Selling timber is something that most woodland owners do infrequently; and therefore, they are not familiar with how to claim the income or deductions when filing income tax forms. If you experienced significant timber loss due to storms, drought or other environmental conditions, please visit the National Timber Tax website.
Division of Forestry employees are not experts when it comes to timber tax issues.
Here is a list of situations/activities that may affect the way you file your income tax returns.
If you have sold timber or plan to sell timber, the way you sell may determine how much taxes are owed. There can be a substantial difference in taxes owed if you have to treat the dollars received as ordinary income versus capital gains.
Are you receiving cost-share payments? You will need to know how to treat this on your tax return.
Are you planting trees in abandoned fields or conducting site preparation for your woodlands next timber rotation? Then you may qualify for a reforestation tax credit.
Timber Stand Improvement
Are you conducting timber stand improvement practices in your woodlands or paying someone else to do this? Are you building roads or fixing drainage problems? Then you will want to know about the IRS Timber Tax Form T available for download from the Internal Revenue Service at http://www.irs.gov/pub/irs-pdf/ft.pdf.
Have you received ice or other storm damage to your woodlands? Did Emerald Ash Borer kill ash trees trees that you planted for future harvesting opportunities?
Have you and a neighbor traded some woodlands for better management opportunities?
For answers to these and other questions visit the National Timber Tax Web site. The site also includes downloadable copies of the required IRS tax forms and the “Forest Landowners’ Guide to the Federal Income Tax.”
Estate Planning for Forest Landowners
If you own forestland and are approaching or in retirement, you may be asking yourself questions like: Can I afford to take early retirement, so I can work on projects on my property? How can I transfer the knowledge and experience gained from managing the land to my family? Are the wildlife plots, timber management practices, hiking trails and cabin by the creek that I planned still feasible? If my spouse and I retire to the land are the resources adequate that we can enjoy a satisfactory lifestyle? How will retirement affect our timber investment income? Will sharing that income with our children serve to enrich and motivate them?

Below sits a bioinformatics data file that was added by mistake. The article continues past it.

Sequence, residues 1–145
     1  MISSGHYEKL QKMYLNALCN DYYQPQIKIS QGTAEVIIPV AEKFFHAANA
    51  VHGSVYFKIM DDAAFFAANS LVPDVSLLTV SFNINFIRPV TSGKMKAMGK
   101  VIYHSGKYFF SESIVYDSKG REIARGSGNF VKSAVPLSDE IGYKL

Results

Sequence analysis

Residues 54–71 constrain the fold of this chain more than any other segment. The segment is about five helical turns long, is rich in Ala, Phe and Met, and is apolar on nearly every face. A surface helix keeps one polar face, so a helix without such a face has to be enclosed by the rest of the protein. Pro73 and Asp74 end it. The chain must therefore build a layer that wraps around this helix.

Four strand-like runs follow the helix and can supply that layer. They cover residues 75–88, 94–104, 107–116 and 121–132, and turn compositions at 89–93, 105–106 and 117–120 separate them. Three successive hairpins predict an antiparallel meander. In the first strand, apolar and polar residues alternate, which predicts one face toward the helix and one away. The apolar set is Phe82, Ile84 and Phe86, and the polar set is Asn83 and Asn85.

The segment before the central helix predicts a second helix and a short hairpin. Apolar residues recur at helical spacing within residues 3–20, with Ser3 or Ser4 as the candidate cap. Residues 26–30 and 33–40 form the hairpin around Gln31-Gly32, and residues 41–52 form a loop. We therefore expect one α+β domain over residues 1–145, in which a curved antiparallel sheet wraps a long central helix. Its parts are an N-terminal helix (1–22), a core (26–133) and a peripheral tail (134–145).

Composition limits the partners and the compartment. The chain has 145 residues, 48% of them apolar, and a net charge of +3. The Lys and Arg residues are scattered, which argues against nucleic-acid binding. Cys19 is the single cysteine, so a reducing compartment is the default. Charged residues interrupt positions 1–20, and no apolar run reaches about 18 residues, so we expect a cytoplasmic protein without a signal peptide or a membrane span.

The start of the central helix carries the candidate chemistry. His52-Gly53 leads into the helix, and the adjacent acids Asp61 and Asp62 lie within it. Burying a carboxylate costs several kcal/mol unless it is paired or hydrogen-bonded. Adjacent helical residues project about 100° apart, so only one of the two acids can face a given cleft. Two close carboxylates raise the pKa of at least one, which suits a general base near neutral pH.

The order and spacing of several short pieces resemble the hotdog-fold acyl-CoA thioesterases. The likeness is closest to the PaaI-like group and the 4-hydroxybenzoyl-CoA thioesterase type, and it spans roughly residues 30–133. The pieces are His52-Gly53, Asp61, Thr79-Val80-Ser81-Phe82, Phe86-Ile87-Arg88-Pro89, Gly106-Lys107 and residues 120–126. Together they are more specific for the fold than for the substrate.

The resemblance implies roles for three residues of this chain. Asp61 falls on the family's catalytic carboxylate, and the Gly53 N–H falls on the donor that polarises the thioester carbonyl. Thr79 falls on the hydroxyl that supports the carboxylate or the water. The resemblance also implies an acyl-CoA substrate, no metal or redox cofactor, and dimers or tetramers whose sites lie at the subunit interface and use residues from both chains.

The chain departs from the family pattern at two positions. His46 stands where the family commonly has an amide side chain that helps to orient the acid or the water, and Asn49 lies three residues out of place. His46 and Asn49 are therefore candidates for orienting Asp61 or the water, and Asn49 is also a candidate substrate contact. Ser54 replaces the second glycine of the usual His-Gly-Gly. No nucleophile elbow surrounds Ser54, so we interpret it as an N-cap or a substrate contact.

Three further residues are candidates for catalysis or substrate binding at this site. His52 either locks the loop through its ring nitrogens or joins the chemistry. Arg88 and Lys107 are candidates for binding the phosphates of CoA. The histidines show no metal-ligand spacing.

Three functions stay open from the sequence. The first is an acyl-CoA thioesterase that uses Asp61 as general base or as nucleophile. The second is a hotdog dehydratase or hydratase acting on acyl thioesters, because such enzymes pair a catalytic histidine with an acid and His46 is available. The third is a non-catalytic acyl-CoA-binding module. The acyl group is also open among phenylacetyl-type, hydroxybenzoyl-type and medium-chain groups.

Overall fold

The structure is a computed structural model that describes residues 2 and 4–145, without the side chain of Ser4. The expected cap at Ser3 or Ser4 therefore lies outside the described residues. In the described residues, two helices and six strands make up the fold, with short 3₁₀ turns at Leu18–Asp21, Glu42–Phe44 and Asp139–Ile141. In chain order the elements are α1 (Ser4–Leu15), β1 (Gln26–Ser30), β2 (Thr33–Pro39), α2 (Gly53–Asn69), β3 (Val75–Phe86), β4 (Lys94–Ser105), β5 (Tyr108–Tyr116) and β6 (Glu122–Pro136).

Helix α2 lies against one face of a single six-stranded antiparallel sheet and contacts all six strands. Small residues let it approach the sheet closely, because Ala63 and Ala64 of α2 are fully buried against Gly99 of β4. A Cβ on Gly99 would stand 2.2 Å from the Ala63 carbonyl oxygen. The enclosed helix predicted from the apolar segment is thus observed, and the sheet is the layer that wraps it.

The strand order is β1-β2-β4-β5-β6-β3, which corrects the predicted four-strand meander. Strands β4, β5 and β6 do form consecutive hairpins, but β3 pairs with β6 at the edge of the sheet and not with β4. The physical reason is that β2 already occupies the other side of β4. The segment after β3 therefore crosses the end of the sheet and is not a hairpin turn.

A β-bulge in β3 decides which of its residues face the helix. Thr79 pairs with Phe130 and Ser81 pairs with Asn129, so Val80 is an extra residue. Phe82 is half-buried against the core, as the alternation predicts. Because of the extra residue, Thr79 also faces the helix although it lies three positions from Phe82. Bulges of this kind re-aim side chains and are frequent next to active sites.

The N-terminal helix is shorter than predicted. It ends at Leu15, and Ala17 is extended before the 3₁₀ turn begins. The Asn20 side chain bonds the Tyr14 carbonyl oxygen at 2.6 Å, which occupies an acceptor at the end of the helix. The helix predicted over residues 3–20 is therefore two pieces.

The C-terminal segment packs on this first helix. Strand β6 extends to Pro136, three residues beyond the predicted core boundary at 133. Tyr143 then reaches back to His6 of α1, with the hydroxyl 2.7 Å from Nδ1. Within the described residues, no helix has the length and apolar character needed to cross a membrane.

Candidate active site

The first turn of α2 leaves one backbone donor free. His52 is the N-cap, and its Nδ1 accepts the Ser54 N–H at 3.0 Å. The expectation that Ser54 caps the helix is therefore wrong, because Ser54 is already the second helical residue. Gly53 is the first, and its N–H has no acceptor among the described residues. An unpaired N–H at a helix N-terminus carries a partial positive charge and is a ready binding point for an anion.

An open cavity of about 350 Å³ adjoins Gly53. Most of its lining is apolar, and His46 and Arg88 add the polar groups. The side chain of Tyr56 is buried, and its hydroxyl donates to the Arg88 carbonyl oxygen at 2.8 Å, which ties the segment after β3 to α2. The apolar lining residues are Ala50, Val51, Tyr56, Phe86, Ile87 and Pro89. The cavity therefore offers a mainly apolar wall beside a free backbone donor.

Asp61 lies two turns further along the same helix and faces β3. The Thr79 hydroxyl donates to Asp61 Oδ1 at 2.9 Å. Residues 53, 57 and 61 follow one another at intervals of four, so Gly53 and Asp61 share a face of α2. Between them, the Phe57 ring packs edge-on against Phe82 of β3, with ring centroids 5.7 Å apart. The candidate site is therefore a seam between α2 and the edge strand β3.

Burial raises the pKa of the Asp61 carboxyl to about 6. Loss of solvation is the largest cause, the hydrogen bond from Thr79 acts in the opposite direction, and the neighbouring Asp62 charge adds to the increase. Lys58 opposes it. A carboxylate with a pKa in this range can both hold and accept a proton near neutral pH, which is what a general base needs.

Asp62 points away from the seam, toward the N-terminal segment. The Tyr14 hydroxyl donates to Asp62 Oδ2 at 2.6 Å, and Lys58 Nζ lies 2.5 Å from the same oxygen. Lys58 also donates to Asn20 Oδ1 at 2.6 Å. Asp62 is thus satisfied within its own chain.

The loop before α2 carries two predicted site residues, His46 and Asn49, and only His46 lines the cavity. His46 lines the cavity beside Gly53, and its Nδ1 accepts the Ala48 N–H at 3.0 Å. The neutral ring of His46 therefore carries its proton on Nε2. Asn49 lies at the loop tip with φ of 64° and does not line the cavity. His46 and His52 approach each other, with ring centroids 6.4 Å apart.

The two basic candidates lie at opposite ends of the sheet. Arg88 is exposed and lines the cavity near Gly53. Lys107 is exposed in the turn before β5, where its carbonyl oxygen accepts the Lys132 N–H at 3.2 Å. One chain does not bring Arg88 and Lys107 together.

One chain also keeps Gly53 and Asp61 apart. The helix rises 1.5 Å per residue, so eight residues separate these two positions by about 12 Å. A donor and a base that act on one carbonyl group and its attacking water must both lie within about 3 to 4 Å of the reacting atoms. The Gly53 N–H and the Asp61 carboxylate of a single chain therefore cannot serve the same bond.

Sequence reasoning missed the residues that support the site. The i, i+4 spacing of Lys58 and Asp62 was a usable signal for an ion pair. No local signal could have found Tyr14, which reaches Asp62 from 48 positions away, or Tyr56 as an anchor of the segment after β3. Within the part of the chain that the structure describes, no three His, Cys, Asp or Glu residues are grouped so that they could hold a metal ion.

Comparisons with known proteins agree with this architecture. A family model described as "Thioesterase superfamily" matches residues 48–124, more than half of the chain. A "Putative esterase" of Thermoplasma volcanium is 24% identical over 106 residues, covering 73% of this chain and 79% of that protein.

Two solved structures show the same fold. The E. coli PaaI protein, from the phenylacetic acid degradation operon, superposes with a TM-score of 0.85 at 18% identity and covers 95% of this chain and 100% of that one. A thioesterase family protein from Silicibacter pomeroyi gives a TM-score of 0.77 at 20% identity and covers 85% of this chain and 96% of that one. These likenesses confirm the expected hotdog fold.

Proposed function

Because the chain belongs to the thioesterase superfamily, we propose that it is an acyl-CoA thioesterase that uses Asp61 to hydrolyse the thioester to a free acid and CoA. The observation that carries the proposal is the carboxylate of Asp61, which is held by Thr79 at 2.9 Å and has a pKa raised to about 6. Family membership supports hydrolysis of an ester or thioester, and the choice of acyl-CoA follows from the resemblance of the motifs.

Going a step further, if you, your spouse, or both of you were to die today, what would happen to the forestland that you have worked together a lifetime to obtain? Do you have a forest management plan? If yes, will it continue to function as an effective tool for the survivors and provide for them in an equitable manner without disruption? Are your forestry investments structured so that they will retain their value at your death? Have you taken steps to minimize death taxes? Will timber, land or both have to be sold to pay family administrative expenses and estate taxes?
For answers to all these questions, download a copy of the Estate Planning for Forest Landowners: What Will Become of My Timberland? report published by the U.S. Forest Service, Southern Research Station.